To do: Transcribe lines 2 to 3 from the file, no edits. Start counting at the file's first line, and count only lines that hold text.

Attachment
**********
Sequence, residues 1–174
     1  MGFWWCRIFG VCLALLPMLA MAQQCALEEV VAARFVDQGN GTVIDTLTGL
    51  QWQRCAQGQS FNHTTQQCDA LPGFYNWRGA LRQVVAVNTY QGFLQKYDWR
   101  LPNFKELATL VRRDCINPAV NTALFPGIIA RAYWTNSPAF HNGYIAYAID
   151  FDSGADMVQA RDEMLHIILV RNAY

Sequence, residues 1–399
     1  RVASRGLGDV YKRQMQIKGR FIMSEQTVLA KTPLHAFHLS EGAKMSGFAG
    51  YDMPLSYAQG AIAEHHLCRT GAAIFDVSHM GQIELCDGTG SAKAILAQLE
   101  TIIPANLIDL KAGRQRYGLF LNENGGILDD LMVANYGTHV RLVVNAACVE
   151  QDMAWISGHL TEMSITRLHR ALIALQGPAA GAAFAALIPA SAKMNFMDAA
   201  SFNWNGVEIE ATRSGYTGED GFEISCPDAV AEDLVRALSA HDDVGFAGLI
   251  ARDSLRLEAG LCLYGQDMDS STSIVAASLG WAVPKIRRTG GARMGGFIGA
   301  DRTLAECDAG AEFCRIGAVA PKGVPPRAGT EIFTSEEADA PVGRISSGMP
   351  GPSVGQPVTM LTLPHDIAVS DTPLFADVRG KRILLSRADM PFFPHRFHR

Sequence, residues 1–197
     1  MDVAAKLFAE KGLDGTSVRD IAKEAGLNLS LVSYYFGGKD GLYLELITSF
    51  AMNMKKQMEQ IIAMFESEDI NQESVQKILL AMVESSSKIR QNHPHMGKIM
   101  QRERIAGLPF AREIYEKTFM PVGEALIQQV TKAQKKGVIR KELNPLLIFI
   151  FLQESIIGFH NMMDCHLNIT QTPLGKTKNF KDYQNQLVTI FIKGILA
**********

     1  MGFWWCRIFG VCLALLPMLA MAQQCALEEV VAARFVDQGN GTVIDTLTGL
    51  QWQRCAQGQS FNHTTQQCDA LPGFYNWRGA LRQVVAVNTY QGFLQKYDWR